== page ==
See that pothole-riddled city street in front of your house? Not the state’s problem.
More likely, those crumbling city streets – like those in this video of Milwaukee – are your local municipality’s responsibility. Those advocating for an increase in the gas tax would love if this minor, but crucial, detail is left out of the discussion.
The gas tax doesn’t pay for most city streets. Those crumbling streets will still be there, even if the gas tax was doubled – which is what it would take to assuage the gas tax crowd’s demands that all projects proceed on-time with no bonding.
As we’ve seen in La Crosse, cities, counties, and towns are failing to properly prioritize spending. Instead of ensuring local roads are kept up, local bureaucrats and boards are busy wasting taxpayer money on lavish new office buildings and exorbitant salaries. La Crosse County doubled its debt to $110 million in 2015, and scarcely a dime went to roads.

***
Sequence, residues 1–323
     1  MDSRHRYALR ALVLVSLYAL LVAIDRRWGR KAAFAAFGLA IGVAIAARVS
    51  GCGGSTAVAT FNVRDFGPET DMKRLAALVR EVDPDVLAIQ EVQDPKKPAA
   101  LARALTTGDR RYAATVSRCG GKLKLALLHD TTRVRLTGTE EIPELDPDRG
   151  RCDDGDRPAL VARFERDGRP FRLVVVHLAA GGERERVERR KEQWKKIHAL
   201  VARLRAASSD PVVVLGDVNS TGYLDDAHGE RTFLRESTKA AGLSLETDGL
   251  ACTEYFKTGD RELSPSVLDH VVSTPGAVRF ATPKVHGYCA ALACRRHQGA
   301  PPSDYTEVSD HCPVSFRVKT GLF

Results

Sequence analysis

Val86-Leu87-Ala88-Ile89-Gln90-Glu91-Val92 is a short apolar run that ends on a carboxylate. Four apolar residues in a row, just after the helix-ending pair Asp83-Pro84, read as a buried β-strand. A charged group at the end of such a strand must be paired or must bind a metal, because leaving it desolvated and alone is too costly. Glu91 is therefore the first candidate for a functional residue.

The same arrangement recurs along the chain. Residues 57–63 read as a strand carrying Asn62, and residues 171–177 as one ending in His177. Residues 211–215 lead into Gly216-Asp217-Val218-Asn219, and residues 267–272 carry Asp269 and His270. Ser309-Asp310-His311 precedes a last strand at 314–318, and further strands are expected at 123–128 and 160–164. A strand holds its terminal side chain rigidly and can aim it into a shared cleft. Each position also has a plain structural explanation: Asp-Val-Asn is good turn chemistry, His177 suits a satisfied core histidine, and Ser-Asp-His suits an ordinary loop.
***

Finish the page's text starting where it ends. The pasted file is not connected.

In Milwaukee, the city unearthed $60 million for a ridiculous fixed-rail trolley, but can’t seem to maintain its nearly 1,000 miles of city streets.
Over at the MacIver Institute, reporter Bill Osmulski explains.